According to Wikipedia, “To Kill a Mockingbird has been a source of significant controversy since its being the subject of classroom study as early as 1963. the treatment of racismhas lead to disparate perceptions that the novel has a generally positive impact on race relations for white readers, but a more ambiguous reception by black readers.” Despite this, a careful reading of the novel from the point of view of Catholic values and the Holy Name of Mary school motto suggests that the black characters in the novel are, along with Atticus Finch, the true heroes of the novel. The Holy Name of Mary school motto states: “And what does the LORD require of you? To act justly, to love tenderly, and to walk humbly with your God.” (Micah 6:8) The actions of the black characters in the novel beautifully exemplify the virtues described in this motto.
In To Kill A Mockingbird many characters show traits of acting justly, for instance, Calpurnia. To act truthfully means to be fair and equal, despite one’s colour, culture or religion. To this character, the colour of the person does not matter, but what matters are their values and beliefs. Harper Lee shows this virtue, through Calpurnia – a black person who works as a cook in the Finch house. Calpurnia is considered as a surrogated mother to Scout and Jem Finch. As a motherly figure, she demonstrates justly actions in the novel. Harper Lee portrays this trait, when Walter Cunningham (Scout’s classmate) comes home for dinner and Scout makes fun of his table manners. Calpurnia then disciplines her:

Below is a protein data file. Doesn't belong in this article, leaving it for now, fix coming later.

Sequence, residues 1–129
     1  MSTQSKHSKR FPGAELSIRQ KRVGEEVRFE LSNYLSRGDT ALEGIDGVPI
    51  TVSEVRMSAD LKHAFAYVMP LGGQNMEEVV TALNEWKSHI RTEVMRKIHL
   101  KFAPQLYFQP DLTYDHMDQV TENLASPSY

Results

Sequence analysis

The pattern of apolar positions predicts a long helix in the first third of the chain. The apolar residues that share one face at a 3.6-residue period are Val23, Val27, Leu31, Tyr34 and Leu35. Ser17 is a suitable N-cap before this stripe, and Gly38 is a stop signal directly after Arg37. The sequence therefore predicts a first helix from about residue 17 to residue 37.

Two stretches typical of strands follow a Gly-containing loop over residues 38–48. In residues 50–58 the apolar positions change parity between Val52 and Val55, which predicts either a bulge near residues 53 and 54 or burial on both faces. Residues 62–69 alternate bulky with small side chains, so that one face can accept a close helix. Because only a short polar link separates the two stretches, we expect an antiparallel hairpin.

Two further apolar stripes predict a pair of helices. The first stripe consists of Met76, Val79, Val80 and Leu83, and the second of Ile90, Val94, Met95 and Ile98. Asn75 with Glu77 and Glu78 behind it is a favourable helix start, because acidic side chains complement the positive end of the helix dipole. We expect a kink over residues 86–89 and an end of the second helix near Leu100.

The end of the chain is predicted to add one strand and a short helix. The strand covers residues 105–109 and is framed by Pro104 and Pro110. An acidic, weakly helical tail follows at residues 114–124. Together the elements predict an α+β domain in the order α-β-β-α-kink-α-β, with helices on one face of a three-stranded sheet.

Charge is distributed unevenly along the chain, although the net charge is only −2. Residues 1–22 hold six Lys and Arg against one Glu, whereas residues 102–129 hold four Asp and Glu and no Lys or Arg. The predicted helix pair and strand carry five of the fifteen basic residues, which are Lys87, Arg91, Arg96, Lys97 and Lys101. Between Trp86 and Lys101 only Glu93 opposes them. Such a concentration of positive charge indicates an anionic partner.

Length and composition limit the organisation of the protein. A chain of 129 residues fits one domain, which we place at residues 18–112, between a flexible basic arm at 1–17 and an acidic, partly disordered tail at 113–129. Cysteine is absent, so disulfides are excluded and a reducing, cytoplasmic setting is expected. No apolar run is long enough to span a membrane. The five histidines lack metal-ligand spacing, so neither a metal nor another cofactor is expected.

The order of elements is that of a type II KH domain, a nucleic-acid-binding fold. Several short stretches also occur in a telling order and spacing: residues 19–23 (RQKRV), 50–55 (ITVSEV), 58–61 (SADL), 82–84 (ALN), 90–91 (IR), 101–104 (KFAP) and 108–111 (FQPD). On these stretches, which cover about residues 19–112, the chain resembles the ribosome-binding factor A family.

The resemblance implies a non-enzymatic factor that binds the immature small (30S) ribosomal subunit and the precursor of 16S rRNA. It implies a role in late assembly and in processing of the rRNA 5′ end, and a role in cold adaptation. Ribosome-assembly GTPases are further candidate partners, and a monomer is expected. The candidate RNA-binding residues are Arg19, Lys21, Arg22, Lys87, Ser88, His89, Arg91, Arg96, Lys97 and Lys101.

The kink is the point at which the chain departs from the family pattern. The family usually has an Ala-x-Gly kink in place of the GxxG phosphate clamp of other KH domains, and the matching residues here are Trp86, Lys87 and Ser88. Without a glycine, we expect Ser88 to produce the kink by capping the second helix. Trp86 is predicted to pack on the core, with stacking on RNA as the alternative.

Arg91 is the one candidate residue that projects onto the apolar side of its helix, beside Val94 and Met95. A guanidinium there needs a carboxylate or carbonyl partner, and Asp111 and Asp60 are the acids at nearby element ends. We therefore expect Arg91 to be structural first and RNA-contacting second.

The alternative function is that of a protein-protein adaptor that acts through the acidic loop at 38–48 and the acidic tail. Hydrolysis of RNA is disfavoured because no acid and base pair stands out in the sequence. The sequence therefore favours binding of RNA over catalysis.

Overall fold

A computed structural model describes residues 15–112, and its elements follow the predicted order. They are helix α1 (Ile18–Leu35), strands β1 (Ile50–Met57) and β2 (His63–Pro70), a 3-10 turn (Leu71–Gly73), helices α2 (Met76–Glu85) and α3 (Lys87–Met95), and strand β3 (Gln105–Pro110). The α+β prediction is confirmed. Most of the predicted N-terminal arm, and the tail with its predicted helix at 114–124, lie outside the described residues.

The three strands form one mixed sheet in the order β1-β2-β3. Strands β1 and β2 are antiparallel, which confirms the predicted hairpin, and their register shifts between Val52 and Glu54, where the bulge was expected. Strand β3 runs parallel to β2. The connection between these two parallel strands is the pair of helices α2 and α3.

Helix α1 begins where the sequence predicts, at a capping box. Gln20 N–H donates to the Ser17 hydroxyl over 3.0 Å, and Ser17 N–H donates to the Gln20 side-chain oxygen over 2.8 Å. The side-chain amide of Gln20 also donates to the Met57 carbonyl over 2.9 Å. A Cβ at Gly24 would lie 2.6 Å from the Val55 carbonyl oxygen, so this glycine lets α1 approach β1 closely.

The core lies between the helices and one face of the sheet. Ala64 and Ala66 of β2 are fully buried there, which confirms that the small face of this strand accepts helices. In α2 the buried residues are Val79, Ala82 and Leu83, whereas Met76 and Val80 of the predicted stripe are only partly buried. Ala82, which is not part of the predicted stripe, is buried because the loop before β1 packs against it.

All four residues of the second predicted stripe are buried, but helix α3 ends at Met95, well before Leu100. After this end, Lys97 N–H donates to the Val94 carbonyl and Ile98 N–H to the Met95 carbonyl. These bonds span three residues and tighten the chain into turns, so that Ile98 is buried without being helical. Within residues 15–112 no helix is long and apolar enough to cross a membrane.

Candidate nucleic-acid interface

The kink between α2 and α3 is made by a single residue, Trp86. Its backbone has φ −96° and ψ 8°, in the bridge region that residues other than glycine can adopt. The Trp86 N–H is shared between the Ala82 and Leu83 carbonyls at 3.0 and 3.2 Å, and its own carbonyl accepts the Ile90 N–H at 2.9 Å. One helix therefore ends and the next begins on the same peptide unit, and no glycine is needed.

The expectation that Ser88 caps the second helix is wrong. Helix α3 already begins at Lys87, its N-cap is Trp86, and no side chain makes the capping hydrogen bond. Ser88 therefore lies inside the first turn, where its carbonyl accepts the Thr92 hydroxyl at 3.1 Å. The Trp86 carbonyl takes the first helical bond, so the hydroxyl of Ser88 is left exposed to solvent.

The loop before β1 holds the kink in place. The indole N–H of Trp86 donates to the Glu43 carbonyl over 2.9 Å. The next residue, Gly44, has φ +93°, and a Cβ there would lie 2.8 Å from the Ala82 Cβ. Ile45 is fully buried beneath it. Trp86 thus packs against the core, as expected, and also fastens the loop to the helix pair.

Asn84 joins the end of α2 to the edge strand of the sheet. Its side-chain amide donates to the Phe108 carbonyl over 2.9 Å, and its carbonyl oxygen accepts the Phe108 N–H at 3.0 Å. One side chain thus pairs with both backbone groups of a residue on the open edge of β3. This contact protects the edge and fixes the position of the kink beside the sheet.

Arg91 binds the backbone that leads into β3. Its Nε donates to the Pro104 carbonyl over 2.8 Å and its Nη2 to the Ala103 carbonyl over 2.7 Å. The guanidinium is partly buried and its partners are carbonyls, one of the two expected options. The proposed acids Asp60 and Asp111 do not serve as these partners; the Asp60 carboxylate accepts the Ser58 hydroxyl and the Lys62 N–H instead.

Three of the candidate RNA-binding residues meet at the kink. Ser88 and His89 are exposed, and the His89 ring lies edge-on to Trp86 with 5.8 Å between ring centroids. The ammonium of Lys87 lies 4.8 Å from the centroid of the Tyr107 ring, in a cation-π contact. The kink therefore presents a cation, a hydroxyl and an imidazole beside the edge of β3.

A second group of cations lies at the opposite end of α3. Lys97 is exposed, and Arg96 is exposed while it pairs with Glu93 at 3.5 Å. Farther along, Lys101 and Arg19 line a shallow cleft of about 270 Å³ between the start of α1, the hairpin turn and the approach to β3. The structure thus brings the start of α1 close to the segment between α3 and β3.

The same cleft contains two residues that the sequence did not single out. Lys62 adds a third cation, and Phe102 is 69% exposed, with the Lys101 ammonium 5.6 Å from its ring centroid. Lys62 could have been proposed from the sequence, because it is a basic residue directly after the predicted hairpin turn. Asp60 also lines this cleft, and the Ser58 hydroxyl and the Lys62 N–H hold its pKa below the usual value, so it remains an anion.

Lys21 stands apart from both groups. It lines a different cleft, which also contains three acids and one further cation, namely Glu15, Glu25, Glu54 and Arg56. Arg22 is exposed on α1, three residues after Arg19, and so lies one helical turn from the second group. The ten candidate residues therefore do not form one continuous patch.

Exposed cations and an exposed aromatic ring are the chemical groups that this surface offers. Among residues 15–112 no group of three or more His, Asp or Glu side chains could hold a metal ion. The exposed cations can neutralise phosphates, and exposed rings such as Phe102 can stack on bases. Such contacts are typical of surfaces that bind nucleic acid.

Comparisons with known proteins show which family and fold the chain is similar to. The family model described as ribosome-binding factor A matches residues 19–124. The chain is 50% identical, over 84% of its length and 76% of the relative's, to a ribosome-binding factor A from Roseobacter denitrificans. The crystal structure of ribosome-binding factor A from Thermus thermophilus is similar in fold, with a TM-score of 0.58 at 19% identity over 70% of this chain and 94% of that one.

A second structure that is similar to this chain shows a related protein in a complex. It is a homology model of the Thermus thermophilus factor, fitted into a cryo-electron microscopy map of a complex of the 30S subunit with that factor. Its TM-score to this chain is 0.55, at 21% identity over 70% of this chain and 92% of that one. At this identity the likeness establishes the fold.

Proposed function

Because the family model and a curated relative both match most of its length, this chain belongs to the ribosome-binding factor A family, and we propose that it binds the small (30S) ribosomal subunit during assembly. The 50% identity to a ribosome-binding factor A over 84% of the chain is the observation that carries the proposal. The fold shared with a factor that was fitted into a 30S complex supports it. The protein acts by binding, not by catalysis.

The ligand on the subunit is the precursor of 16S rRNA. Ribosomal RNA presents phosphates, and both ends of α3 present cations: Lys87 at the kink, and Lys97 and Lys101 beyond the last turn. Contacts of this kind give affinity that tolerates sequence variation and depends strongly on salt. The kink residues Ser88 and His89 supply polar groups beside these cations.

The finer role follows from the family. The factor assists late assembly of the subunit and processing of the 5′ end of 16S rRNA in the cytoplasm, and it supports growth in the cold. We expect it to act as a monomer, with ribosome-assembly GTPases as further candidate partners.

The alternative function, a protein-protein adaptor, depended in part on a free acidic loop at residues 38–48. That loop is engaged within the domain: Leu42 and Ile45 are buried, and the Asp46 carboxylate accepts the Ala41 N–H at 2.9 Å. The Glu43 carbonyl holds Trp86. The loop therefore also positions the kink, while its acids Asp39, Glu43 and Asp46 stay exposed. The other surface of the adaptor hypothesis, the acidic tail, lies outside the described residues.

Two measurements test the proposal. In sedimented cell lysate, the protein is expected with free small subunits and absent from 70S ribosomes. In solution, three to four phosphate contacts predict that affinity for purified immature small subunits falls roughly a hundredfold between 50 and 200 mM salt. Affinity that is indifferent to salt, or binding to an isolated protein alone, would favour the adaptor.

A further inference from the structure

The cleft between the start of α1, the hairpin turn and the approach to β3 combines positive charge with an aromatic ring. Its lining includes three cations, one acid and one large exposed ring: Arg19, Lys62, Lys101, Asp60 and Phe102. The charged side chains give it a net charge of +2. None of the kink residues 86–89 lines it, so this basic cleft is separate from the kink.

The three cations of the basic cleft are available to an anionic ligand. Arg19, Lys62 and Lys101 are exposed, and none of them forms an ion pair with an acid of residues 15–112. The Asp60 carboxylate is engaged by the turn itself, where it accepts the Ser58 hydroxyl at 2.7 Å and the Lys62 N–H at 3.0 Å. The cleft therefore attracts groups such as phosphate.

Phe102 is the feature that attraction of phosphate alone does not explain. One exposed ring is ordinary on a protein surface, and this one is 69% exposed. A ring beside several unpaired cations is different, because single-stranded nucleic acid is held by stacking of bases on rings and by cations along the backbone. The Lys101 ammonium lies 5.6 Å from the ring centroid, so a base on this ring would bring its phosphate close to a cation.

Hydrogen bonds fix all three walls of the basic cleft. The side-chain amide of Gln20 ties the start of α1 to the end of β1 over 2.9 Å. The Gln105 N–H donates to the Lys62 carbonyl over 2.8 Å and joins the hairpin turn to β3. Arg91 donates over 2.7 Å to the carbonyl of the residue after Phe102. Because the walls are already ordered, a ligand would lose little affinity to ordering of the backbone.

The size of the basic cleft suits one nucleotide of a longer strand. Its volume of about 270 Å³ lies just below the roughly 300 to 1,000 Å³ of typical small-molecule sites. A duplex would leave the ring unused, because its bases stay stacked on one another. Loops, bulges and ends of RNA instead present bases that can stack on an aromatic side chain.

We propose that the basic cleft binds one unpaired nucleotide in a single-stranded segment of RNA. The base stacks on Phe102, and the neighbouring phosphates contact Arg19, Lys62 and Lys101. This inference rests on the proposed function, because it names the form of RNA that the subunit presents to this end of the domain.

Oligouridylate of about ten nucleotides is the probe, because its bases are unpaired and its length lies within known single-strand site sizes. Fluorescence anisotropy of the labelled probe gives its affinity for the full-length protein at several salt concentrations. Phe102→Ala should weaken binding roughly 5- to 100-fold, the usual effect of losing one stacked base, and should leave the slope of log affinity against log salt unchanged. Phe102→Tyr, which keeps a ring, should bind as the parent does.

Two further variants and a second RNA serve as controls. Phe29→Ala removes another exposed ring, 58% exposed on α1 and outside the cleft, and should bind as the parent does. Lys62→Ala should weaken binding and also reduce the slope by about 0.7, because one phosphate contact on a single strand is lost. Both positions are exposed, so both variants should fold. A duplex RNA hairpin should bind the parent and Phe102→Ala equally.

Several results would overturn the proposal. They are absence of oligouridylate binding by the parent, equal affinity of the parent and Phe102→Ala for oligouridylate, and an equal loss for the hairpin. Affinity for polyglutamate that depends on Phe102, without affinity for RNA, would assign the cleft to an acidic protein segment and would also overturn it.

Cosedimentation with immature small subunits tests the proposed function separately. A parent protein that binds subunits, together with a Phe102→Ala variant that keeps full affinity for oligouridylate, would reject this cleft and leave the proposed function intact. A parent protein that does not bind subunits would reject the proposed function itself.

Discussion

“ ‘There are some folks who don’t eat like us,’ she whispered fiercely, ‘but you ain’t called on to contradict ‘em at the table when they don’t. That boy’s yo’ comp’ny and if he wants to eat up the table cloth you let him, you hear?’
‘He ain’t company, Cal, he’s just a Cunningham-’
‘Hush your mouth! Don’t matter who they are, anybody sets food in th…